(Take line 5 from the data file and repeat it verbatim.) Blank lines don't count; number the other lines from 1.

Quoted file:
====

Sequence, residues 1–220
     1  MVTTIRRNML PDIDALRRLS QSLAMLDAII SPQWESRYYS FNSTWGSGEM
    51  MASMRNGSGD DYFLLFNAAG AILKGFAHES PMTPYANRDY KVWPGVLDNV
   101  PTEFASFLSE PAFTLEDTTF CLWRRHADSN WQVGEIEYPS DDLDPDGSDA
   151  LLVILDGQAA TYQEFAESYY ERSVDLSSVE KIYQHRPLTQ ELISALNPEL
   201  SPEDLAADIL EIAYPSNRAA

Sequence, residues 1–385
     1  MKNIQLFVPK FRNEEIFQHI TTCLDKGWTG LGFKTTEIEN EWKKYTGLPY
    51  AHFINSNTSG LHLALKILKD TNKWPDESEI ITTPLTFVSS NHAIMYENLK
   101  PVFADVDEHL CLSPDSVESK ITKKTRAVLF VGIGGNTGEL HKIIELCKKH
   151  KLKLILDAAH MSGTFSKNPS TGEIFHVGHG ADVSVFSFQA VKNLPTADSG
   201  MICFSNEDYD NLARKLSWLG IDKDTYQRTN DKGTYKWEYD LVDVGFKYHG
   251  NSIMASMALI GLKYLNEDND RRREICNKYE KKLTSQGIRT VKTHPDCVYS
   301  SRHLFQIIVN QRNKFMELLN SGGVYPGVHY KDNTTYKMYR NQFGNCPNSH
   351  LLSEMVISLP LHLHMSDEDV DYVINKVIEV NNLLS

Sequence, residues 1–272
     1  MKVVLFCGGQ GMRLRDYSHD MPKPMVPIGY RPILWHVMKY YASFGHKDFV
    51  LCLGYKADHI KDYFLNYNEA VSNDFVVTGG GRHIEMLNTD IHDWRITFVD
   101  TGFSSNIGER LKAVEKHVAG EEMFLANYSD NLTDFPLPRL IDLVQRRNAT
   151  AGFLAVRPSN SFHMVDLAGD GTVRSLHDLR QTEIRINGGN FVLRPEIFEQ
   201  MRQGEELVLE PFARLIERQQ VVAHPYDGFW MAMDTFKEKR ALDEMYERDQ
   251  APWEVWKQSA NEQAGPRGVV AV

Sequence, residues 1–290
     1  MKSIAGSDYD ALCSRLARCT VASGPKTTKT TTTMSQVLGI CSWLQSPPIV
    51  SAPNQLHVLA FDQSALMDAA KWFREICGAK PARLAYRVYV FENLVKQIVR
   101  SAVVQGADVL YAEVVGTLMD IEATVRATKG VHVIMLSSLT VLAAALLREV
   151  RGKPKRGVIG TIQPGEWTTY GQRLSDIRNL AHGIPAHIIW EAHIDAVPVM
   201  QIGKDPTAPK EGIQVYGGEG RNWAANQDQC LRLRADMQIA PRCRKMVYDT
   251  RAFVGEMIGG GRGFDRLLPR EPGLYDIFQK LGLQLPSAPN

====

   151  LLVILDGQAA TYQEFAESYY ERSVDLSSVE KIYQHRPLTQ ELISALNPEL